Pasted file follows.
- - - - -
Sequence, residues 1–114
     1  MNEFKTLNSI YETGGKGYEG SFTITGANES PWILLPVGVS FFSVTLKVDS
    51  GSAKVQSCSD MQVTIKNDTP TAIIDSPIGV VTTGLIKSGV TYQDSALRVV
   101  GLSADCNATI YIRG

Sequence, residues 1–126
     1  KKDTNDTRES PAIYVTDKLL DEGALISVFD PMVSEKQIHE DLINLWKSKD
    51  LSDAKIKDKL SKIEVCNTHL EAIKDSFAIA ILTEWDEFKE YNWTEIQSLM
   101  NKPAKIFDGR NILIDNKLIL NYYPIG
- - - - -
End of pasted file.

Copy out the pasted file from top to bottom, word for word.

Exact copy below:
Sequence, residues 1–114
     1  MNEFKTLNSI YETGGKGYEG SFTITGANES PWILLPVGVS FFSVTLKVDS
    51  GSAKVQSCSD MQVTIKNDTP TAIIDSPIGV VTTGLIKSGV TYQDSALRVV
   101  GLSADCNATI YIRG

Sequence, residues 1–126
     1  KKDTNDTRES PAIYVTDKLL DEGALISVFD PMVSEKQIHE DLINLWKSKD
    51  LSDAKIKDKL SKIEVCNTHL EAIKDSFAIA ILTEWDEFKE YNWTEIQSLM
   101  NKPAKIFDGR NILIDNKLIL NYYPIG